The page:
Girl talk is half the reason black women love to hit up the beauty shop on a regular, but long before women just showed up every week for a wash and set and a side of gossip, hair salons were the birthplace of political activism.
NPR recently talked about the civil rights element of black salons with Tiffany Gill, associate professor of history, African and African Diaspora Studies at the University of Texas at Austin. Gill is the author of “Beauty Shop Politics: African American Women’s Activism in the Beauty Industry,” and in her book she talks about how black women came to the forefront of the beauty industry around the 1820s when it became unacceptable for black men to style white women’s hair and how enslaved women in Urban areas were even able to hire themselves out as stylists and make money.
Stemming from the entrepreneurial example set by Madame CJ Walker at the beginning of the 20th century, Gill said by the time the 1950s and 1960s rolled around, guidelines were written into beauty college curricula about how to engage clients in conversations about politics. She went on to talk about a South Carolina woman named Bernice Robinson who’s salon was known as a place for “all kinds of subversive activity.”
“She would literally be washing someone’s hair, put someone under the drier, be walking someone through the long kind of elaborate voter registration hurdles that black people had to go through and while someone was under the drier she would go and run someone down to the courthouse, try to get them to register to vote, and then come back,” she said.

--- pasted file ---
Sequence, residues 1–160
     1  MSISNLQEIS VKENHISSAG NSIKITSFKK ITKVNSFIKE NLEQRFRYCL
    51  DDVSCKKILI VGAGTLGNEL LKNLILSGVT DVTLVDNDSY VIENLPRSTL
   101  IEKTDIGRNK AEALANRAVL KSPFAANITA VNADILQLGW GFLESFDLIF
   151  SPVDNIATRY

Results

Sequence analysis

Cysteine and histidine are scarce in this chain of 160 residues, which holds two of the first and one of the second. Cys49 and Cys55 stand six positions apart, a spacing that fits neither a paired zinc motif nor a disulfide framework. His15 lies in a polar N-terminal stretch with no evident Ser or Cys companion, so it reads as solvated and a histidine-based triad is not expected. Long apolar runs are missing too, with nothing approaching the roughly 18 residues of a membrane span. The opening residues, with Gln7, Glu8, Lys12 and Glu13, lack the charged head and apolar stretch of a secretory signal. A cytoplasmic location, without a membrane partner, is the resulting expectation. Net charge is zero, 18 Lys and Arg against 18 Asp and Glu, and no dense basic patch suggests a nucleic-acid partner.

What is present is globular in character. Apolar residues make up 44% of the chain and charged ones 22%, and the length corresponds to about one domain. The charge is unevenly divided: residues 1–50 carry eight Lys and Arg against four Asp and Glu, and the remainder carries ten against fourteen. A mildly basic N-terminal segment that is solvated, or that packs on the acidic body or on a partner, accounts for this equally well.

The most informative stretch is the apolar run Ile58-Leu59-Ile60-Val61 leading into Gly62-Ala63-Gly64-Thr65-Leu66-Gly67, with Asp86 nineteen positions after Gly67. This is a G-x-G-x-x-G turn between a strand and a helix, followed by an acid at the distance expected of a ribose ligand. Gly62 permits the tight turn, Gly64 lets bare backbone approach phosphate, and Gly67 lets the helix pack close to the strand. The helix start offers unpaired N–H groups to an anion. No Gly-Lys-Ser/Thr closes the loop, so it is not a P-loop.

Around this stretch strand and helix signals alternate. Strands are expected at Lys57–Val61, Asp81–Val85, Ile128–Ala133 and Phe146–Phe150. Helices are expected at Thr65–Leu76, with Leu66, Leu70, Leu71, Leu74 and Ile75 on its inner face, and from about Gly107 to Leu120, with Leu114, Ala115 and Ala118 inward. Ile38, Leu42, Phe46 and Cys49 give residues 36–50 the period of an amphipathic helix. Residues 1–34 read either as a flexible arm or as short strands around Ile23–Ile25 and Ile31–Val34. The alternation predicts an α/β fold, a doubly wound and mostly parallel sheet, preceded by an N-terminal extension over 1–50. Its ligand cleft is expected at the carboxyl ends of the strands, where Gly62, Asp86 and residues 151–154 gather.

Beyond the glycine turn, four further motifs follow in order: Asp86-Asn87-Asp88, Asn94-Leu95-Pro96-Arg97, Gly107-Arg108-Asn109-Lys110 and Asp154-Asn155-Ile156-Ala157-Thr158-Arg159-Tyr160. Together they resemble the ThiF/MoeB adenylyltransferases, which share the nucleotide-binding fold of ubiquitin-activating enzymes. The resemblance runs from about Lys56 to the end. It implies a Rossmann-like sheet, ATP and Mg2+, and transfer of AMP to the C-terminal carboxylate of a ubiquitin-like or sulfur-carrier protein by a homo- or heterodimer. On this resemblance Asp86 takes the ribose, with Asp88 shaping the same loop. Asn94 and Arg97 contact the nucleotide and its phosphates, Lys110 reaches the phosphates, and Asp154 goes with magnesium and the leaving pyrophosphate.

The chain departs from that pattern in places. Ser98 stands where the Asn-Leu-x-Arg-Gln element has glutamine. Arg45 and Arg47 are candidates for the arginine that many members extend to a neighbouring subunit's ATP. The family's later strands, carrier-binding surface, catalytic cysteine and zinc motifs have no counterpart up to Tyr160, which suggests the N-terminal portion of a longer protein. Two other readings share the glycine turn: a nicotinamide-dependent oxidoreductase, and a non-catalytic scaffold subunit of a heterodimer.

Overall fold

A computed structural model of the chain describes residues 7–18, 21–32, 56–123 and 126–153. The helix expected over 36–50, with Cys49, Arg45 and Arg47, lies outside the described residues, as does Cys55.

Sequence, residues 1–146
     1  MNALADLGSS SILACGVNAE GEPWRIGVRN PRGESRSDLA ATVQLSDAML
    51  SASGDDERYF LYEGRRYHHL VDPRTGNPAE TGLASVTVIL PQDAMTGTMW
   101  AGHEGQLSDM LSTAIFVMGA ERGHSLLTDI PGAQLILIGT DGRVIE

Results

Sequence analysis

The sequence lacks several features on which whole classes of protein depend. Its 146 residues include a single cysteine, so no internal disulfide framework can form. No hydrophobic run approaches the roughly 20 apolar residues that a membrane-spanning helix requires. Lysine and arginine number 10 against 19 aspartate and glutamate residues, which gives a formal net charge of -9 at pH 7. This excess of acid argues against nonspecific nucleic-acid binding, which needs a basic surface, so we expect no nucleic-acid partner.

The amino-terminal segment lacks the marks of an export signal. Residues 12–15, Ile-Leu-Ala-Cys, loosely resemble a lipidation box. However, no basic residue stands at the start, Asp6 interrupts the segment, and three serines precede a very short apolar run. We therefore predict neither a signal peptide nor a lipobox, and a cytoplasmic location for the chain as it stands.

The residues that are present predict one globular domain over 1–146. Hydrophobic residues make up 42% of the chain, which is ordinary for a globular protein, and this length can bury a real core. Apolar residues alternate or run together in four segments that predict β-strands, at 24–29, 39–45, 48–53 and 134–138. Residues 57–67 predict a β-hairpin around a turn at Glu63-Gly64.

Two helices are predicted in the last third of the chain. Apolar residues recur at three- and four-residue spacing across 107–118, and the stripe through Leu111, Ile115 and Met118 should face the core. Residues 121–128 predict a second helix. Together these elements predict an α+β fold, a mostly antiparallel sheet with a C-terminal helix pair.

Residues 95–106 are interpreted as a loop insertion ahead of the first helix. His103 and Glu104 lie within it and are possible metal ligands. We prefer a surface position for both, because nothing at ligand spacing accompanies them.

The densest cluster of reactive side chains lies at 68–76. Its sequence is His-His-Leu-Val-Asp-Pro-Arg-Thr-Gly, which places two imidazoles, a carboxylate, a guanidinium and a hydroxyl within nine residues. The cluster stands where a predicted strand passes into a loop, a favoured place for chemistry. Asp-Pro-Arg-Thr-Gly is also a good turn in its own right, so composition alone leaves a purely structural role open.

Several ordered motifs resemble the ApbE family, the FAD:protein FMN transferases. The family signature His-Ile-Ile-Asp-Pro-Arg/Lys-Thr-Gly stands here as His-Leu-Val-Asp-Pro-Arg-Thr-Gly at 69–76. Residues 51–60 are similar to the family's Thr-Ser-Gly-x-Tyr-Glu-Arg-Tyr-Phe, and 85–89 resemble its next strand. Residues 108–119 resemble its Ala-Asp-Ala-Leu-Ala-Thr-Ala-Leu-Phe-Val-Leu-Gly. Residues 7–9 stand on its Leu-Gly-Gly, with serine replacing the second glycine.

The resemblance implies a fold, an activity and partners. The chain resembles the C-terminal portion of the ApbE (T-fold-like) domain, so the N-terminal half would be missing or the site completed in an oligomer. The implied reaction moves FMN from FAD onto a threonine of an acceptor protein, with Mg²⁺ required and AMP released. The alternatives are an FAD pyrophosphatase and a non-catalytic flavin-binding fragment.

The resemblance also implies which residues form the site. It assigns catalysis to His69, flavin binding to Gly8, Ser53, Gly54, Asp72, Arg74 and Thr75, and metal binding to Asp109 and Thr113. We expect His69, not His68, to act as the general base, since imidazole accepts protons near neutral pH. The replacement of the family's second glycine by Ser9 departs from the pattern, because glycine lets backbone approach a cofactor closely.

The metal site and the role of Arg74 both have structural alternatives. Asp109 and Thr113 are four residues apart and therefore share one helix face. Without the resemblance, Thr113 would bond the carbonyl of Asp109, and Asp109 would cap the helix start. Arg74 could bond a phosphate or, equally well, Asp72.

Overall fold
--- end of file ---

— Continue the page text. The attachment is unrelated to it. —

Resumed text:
“And then she actually took it to a more formal level where she would actually organize other beauticians in the area and tell them that, yes, within your space, as women come in, we can do citizenship education classes. We can help prepare people to vote. We can help prepare African-Americans to engage in civic activity and so they balanced their entrepreneurship with their politics.”
Gill said when she started her research she expected to see a decline in political activism inside shops today but she found that the conversation isn’t all weaves and kinky twists in the new millenium.
“I found in San Diego, there’s this very robust research as well as community activism happening, where beauty shops are being engaged in health activism. So everything from empowering beauticians to talk with their clients about HIV/AIDS, about mammograms – because they found that that was a space where African-American were willing to take care of their bodies, willing to talk about their bodies.
So it’s still there. It functions differently, but certainly the health activism, as well as domestic violence prevention, is something that’s happening very much in beauty shops today.”
In 2010, The L’Oréal Fondation D’Enterprise founded Hairdressers Against AIDS to provide in-depth training to thousands of salon professionals at special L’Oréal educational sessions, and this year they held their annual event in Harlem to address the high rate of new HIV diagnoses among African Americans in New York City. Several other black shops held independent events at their salons in recognition of Aids Awareness Month as well.
Were you aware of the history of social activism spurred in black beauty shops? Do you witness this type of activity in the salons you visit?
Brande Victorian is a blogger and culture writer in New York City. Follower her on Twitter at @be_vic.
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